Make a Masked Meal that Sucks

This recipe collection is a thought experiment.

What would a Thanksgiving meal look like if you never took off your mask?

There is “no more important time than now for each and every American to redouble our efforts to watch our distance, wash our hands and, most importantly, wear a mask.” Dr. Henry Walke, CDC COVID-19 Incident Manager

For Thanksgiving 2021, my family is going with the Zoom version. No masks are required with this plan!


A Masked Meal Would Look Like

Masks with flaps and liquified … everything. Below is a combination of suck-worthy recipes along with edible straw pairings.

Masks with Flaps

Eco-Friendly, Edible Straws

Make edible straws to match your meal course. Example: Beacon straw with soup, cookie straw for desserts or candy straw with Loaded Punch.

*Modification for the cookie straw (to serve with vegetable courses) – leave out sugar and vanilla.

Liquified Meal Recipes

Once your meal course is complete as the directions indicate, add the last step of throwing everything in a blender. Blend until it’s smooth enough to make it through a straw.

Photo Credit: Peggy Greene


Photo Credit: Peggy Greene

Beverages

Edible Straw Pairing Recommendation: Candy or Cookie

Loaded Cranberry Citrus Punch

1/4 cup cranberry juice
Juice & zest of one lime or lemon
4 oz lt. rum
2 oz. vodka
1/4 cup fresh or frozen cranberries
2 cups ice cubes (if using frozen cranberries) or 1 cup water (if using fresh cranberries)

Optional

1 tsp. white sugar, if you wish to rim your edible straw with it. (Dip straw tip into water, then into sugar.)


Hot Apple Cider Punch


Vegetables

Edible Straw Pairing Recommendation: Cookie, without the sugar or vanilla

Baked Sweet Potato with Lemon Roux

Carrot Soup

Cucumbers and Cream

Leek and Potato Soup

Tangy Rosemary Butternut Squash Soup


Main Course – Meat & Veg Options

Edible Straw Pairing Recommendation: Cookie, without the sugar or vanilla or Beacon

Any Culture Shredded Chicken Soup

Black Bean & Tomato Sauce – Rewilding Chili

Luscious Liquified Ham & Bean Soup. Photo Credit: Peggy Greene

Raw Asparagus Salad with Goat Cheese

Sauteed Onions and Chia Seeds over Butternut Squash

Three-Meat Giant Meatball Soup


Desserts

Edible Straw Pairing Recommendation: Cookie, Candy, or Chocolate with sprinkles

Kiwi Fruit Pie Modify this recipe by leaving out corn starch, cooked kiwis, and pie shell.

Pumpkin Pudding (don’t refrigerate, so it is straw suck-upable)

Rose Peach Soup or Pudding (don’t refrigerate so it stays liquid)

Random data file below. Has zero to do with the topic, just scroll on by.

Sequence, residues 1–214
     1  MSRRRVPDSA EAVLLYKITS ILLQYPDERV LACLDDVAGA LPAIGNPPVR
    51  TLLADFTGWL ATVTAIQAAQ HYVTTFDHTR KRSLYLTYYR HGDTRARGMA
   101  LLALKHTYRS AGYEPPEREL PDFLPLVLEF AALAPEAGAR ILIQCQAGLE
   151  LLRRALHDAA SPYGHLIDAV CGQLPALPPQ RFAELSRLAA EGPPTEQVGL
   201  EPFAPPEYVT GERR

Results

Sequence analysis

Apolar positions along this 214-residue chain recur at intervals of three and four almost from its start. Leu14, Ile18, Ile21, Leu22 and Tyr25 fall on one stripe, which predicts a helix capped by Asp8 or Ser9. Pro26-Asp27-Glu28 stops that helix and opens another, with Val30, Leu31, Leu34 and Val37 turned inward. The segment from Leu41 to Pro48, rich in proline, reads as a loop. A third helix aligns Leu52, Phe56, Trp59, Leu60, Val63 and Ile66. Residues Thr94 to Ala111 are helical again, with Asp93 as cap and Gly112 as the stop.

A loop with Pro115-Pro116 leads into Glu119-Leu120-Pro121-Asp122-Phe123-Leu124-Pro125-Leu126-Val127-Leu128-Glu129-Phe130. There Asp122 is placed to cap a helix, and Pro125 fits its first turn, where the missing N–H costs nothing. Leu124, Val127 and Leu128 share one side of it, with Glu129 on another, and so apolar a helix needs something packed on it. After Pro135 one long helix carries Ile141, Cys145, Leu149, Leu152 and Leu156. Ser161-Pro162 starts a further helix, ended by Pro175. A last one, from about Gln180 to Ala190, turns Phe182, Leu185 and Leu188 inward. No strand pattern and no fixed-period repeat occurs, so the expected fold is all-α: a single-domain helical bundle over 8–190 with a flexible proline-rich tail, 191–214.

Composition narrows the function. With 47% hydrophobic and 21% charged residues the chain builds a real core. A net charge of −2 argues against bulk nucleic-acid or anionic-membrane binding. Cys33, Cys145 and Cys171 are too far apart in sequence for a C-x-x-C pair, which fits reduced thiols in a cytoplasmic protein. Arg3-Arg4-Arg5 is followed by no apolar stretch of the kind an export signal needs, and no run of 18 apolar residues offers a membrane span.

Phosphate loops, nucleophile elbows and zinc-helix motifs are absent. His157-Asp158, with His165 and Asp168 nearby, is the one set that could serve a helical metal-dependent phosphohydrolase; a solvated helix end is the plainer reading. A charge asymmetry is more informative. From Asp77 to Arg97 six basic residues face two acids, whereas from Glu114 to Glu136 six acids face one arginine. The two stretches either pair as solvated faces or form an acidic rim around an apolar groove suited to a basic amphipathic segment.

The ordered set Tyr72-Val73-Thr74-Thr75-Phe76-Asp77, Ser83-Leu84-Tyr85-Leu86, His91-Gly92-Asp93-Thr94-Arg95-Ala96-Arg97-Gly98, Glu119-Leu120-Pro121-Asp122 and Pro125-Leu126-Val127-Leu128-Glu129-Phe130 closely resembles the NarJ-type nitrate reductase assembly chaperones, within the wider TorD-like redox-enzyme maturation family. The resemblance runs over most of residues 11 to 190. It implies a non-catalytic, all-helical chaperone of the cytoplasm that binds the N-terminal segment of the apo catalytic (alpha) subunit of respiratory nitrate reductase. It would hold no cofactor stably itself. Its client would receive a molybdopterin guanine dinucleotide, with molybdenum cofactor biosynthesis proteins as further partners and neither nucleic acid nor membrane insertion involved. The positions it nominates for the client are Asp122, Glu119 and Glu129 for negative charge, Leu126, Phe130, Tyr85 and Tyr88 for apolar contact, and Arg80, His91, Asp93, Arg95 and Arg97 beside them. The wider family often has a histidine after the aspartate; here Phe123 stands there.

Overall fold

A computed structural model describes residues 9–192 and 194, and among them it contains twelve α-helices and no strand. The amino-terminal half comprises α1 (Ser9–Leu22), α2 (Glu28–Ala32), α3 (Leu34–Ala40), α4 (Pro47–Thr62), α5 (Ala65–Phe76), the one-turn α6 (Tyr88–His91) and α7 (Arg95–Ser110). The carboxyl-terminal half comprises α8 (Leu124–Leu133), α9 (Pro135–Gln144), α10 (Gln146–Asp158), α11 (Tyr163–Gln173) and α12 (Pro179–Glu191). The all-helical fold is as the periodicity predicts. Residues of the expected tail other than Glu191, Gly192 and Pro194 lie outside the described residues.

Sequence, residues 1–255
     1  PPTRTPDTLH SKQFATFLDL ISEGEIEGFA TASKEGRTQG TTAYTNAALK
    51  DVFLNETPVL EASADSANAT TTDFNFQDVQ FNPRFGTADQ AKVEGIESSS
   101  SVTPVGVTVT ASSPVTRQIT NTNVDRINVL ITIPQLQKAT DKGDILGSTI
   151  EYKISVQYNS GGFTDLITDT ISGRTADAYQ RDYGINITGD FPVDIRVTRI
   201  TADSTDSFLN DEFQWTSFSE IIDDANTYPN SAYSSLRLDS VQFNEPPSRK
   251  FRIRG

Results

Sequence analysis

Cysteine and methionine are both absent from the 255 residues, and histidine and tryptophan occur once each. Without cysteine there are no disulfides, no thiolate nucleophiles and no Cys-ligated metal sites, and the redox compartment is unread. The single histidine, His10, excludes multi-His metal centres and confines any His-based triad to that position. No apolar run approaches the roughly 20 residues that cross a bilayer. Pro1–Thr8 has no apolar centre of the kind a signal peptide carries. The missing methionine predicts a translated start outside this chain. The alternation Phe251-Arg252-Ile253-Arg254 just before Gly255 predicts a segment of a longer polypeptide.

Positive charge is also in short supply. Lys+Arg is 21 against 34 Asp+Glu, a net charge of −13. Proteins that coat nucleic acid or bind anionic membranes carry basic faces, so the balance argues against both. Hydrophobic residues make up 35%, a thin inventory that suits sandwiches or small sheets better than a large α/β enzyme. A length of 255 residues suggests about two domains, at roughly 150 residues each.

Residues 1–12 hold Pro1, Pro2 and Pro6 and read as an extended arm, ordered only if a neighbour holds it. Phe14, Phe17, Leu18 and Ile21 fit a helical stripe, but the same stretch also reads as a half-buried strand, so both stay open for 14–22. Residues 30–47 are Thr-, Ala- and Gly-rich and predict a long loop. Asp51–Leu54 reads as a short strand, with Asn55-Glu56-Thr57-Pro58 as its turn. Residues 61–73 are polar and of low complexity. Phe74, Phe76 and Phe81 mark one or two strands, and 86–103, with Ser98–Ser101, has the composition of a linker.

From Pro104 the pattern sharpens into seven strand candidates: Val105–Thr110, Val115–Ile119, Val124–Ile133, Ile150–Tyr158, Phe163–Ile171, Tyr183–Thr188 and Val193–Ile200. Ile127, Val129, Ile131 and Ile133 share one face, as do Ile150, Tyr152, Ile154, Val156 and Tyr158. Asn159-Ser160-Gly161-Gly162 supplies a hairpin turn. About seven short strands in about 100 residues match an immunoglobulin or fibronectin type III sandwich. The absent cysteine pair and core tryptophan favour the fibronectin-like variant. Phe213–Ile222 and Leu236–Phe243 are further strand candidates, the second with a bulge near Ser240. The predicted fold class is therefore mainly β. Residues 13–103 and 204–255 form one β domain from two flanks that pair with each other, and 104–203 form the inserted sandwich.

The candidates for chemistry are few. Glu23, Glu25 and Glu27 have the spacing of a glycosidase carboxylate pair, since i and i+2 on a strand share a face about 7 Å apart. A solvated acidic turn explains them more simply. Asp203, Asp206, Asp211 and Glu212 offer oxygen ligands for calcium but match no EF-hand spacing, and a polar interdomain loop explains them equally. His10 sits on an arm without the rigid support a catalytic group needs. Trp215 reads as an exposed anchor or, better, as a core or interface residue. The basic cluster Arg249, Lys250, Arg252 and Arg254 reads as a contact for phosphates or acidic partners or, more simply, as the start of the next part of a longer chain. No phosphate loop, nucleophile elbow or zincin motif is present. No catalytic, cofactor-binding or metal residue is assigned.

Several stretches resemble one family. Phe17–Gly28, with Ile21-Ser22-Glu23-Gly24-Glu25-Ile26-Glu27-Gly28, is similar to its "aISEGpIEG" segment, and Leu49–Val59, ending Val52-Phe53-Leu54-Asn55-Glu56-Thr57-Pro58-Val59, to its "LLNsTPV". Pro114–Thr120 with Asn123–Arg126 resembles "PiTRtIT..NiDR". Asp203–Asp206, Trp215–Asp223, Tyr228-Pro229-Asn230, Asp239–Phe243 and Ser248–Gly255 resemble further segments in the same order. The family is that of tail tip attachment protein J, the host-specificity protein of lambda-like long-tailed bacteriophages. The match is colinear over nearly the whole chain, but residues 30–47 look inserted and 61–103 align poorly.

Get your blender motor running! If you have blender recipes you’d like to share, send it along with a creative straw photo (if you have one) and I’ll add them here (through November 30th, 2020).

Humor and Foreboding

A meal that sucks says it all. Twenty-twenty was a sucky year!

While it was entertaining to re-imagine how a traditional shared Thanksgiving meal might look during COVID times, I’m already cringing at the headlines that will begin around December 12th. For the COVID spread, the suffering caused by a medical system unable to care for the sick, and for the friends and family members who will be lost, my heart is constricting with sadness, and tissues are filling with tears.

Reality is that which, when you stop believing in it, doesn’t go away.” – Philip Dick, from Fantasyland: How America Went Haywire

References & Resources:

This is A Year to Do a Zoom Thanksgiving – Possible Medical System Overwhelm

NBC – Crowds Seen at O’Hare as Travelers Depart Chicago Ahead of Thanksgiving Holiday

This image has an empty alt attribute; its file name is social-distance-podcast-the-atlantic.png

Social Distance Podcast – Katherine Wells podcaster for The Atlantic & James Hamblin Preventative Medicine Physician and journalist – How to Cancel Thanksgiving (Because You Should)

Risk Assessment Map, updated regularly, calculates the odds of encountering infectious people. Enter your group size and location.

Example: In Nevada County today, for a group of 10 there’s a 1 in 7 chance of an infectious person being part of my group. If I lived in South Dakota, there’s a 7 out of 10 chance of an infectious person being part of my group. (The safest way to think about group interactions is to assume everyone is infected, including yourself, even though people aren’t acting sick.)

This image has an empty alt attribute; its file name is risk-assessment-tool.jpg
https://covid19risk.biosci.gatech.edu/

Bubble & Virus Exposure Visualization

Overlap sections show were exposure can occur that infect everyone in the large bubble.

Event Organizers have a Community Responsibility

Back in spring 2020, for a work function, I organized a gathering of ten people from four households. Once we’d gone beyond selecting the date and equipment needs, I realized COVID community responsibility was a factor that needed its own detailed plan.